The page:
Words mean nothing if you can’t tell a story. Stories should have a purpose, whether it’s suggesting new ideas or encapsulating authentic emotions, otherwise what’s the point? My writing system helps me write efficiently because everything here ties together, even loosely. I have big ambitions for this recent untitled set of short stories starring Sammohini, a side character in “The Story,” so let’s explore the behind-the-scenes moments I captured while writing “Words Mean Nothing V.”
“Words mean nothing to Linda. She’s looking for proactive, action-oriented, superheroes to rebuild her team. When you meet her on Thursday, Jane, make sure to accentuate that.” Jane nodded and sipped her coffee while the strategizer continued. “Just between us, she told me she’s clearing out the old guard.” “Interesting… What’s her strategy then, Fidelity? Just so I know what to avoid saying.” Fidelity gazed upon anyone within earshot in the crowded coffeehouse before continuing.
Words mean nothing between Trishna (left) and John (right). As main characters of “The Story,” they’ve built rapport via thousands of digital words and hours of phone conversation before ever meeting. While other side characters may falter over minor miscommunication misunderstandings, typically, they understand each other almost subconsciously. That might be the cosmic romantic ideal, so I’m taking my time to explore their personalities and understand their faults fully, before I begin writing their story.
Words mean nothing when you’re stressed out and longing for that familiar, harmful way to decompress. Even close to five years later, the numbness of having a drink or five is still ingrained in my psyche as the ideal evening. We must instead practice alternative actions. Since I don’t think as clearly in the evenings, after constantly confronting stress, I go to sleep early to subconsciously wade through that stress to arrive at actionable solutions.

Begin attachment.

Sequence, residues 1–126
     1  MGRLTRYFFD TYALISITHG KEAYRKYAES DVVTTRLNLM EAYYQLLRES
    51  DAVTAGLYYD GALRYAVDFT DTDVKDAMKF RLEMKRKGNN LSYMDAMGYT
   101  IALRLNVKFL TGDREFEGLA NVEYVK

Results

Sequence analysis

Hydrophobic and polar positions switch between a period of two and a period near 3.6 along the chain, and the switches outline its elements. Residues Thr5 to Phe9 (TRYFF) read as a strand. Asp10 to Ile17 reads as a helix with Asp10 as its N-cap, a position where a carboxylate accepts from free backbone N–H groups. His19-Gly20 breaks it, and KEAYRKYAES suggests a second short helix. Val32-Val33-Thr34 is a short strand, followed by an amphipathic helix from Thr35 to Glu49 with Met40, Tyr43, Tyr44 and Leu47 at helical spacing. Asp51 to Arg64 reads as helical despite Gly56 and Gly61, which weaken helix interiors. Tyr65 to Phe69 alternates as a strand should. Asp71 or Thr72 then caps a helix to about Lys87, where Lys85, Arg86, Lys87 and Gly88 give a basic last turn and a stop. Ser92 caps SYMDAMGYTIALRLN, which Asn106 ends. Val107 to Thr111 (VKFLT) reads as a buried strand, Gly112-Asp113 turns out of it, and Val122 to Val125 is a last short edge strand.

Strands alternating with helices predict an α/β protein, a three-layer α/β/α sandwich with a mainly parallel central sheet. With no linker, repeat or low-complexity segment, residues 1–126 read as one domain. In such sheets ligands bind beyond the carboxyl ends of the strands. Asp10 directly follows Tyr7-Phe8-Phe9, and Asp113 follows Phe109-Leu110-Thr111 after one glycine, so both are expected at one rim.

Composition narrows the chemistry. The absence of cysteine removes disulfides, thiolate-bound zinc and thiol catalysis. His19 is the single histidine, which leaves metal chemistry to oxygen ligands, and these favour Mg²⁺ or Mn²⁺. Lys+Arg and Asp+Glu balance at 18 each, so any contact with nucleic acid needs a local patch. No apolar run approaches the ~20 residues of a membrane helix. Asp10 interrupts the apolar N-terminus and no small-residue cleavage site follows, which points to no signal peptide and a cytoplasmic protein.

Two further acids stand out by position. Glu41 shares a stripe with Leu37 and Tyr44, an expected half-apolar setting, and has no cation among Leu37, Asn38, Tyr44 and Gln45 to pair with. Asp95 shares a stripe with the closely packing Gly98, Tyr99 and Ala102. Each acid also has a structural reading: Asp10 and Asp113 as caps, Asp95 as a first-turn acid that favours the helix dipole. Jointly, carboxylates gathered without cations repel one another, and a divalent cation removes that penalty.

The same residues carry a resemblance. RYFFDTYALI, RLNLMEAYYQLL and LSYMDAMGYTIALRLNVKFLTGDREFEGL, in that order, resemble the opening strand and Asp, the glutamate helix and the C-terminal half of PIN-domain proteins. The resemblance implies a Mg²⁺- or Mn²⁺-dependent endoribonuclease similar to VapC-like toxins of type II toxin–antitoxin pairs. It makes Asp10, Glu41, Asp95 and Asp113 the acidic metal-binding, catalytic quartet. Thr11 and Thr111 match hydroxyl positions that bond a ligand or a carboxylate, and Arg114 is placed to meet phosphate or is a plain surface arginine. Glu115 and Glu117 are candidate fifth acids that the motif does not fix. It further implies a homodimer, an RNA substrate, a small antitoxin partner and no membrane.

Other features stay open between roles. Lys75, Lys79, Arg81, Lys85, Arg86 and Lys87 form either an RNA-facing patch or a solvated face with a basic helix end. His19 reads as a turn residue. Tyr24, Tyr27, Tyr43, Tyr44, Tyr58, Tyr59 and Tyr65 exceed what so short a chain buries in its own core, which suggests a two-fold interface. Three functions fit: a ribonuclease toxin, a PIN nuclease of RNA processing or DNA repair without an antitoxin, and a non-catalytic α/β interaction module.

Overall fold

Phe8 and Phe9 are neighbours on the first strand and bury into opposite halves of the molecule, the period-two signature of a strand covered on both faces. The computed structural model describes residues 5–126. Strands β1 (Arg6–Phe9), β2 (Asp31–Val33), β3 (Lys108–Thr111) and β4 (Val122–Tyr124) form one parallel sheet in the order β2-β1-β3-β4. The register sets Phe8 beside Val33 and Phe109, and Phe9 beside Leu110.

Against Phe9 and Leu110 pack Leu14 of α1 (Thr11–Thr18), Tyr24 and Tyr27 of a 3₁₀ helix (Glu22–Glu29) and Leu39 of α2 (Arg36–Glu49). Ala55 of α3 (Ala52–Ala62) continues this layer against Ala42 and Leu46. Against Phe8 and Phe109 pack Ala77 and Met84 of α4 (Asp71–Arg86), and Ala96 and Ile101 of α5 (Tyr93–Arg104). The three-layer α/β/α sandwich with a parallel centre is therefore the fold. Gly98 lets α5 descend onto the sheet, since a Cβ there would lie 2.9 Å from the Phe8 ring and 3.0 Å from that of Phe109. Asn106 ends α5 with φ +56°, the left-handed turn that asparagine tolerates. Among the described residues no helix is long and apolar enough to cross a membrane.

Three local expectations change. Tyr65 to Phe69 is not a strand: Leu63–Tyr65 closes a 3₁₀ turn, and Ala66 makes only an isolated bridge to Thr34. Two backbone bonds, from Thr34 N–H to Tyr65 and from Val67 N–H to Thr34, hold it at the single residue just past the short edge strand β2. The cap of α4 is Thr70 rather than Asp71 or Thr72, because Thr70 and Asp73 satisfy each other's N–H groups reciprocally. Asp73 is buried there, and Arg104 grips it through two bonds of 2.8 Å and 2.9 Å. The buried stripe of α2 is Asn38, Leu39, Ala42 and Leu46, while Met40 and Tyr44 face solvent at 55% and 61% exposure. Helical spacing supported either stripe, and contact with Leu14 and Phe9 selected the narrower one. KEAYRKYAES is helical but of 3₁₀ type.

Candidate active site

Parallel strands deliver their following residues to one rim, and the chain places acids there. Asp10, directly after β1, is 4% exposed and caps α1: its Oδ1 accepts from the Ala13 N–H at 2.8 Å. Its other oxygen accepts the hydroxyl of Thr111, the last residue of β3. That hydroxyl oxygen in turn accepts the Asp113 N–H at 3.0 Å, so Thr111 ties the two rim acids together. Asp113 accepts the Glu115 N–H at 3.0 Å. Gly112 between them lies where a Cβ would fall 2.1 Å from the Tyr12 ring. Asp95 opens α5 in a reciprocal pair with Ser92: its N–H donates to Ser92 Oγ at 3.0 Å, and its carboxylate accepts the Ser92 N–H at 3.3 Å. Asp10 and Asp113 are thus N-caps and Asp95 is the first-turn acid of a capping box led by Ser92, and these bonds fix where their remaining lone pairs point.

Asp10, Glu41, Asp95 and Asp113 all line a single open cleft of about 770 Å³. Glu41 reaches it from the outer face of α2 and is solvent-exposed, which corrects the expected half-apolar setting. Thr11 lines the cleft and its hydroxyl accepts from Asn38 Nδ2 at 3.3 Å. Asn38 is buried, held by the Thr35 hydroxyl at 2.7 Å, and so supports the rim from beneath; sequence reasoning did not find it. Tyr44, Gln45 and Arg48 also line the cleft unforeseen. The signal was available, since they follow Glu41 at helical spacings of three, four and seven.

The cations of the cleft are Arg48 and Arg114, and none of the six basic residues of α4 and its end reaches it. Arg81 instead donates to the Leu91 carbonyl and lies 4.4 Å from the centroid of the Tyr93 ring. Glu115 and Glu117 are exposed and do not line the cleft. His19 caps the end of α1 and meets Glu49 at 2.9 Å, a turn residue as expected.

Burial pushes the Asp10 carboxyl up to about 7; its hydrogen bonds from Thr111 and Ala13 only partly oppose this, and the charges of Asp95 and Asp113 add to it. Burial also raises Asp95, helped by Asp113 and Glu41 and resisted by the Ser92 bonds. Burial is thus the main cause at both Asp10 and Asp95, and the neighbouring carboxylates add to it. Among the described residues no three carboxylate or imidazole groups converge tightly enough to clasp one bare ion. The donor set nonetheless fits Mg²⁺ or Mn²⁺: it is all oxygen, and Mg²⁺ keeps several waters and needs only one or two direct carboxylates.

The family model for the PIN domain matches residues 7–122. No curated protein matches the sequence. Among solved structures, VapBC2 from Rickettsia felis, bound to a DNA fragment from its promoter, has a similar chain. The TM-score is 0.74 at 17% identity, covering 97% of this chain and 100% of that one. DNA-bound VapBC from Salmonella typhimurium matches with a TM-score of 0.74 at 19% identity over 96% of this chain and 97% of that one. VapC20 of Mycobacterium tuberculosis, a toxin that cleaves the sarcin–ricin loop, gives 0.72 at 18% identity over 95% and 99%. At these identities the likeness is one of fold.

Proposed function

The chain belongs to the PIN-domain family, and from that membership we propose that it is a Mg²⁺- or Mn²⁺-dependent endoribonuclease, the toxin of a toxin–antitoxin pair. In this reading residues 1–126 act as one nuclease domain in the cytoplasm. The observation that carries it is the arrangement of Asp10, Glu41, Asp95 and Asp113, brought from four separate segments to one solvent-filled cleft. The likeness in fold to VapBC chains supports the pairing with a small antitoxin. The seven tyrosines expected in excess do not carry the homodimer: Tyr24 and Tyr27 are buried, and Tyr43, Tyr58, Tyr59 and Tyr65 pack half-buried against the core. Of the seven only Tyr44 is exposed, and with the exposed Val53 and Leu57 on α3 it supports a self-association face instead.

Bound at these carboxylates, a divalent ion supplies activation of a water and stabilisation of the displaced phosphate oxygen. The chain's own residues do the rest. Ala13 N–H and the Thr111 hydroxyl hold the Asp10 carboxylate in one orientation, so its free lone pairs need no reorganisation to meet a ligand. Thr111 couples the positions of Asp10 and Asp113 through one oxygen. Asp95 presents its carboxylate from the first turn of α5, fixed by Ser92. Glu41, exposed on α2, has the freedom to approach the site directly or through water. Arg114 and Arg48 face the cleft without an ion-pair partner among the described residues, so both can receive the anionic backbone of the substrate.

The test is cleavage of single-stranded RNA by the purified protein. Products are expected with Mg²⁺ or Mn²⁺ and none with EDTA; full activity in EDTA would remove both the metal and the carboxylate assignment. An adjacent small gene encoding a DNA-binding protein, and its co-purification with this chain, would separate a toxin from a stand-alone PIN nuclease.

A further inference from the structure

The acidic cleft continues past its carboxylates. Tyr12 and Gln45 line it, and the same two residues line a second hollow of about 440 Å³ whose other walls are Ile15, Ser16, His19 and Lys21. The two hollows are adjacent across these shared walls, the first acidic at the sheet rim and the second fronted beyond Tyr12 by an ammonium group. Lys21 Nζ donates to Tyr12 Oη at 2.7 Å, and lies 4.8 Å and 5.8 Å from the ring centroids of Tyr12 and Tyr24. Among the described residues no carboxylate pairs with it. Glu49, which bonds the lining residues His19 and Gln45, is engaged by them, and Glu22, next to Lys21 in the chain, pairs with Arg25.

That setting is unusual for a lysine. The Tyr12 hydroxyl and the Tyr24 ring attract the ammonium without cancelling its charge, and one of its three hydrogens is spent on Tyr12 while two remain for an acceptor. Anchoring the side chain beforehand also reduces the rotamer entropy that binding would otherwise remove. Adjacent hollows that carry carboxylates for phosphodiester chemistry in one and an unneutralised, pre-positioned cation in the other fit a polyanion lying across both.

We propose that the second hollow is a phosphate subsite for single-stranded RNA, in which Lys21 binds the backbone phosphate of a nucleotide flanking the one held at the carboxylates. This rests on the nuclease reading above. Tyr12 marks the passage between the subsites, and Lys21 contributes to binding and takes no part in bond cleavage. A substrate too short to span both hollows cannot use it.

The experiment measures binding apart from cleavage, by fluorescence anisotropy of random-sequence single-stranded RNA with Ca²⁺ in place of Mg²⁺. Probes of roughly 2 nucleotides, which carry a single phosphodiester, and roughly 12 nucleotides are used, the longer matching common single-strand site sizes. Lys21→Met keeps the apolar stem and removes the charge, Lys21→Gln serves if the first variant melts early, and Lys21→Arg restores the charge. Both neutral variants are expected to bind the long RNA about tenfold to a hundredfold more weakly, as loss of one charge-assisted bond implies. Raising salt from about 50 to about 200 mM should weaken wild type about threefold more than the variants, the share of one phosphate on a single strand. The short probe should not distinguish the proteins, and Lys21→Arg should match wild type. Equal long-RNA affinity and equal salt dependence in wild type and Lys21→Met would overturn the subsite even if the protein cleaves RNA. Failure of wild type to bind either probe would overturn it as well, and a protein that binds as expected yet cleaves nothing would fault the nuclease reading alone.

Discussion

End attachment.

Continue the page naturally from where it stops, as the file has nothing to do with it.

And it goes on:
Words mean nothing? If only it were that easy to ignore the comments of others! Especially when I haven’t been confident with my abilities or even my sense of self, even subtly critical statements would dig deep. Now it’s not so much that I don’t care, it’s just I really take a critical look at the sender. Do I know this person? Do I trust this person’s judgement in this area? If not, trash it!
Words mean nothing, which is funny coming from an individual that wants to be a professional writer. The problem with words is that people hide behind them. Instead of taking direct action, people instead hide behind implication and strict definitions. I’ve noticed the biggest factor determining whether someone will succeed or fail in their professional career depends not on what that person says, rather, what that person does. Here are five examples of my actions.
In ten years, I could see myself becoming substantially healthier. Especially if I expand upon my current exercise routine with more than just two 5-minute sets, and hold steady on my diet restrictions (there’s only one restriction: limited or no greasy foods), then the sky’s the limit. It’d be cool seeing the elaborate shots, props I’d build, and other ways I’d be using my increased fitness capabilities to tell more interesting stories in 2028. Until then…
In ten years, how will writing change? I imagine, firstly, we’ll be able to write more efficiently. I wrote this thought on my smartphone while waiting for an oil change, this before entering thrift store, this after not finding anything, and returned to my computer for this final draft. That flexibility in 2008 would have been great! How might that look in 2028? Let’s ask ourselves, via this open letter, how we can build better writing tools!
“In ten years of working with The Consulting Agency, five as director of Human Resources, the part that never gets easier is determining the root cause of behavioral issues like what happened to you, Sam. We- I’m sorry that I couldn’t guide Steve toward polite and professional standards. Please accept my deepest apology.”
“Oh, no, it’s OK, Addison. I know you’re doing your best.”
Sam’s boss Linda chuckled, “you at least owe her a promotion.”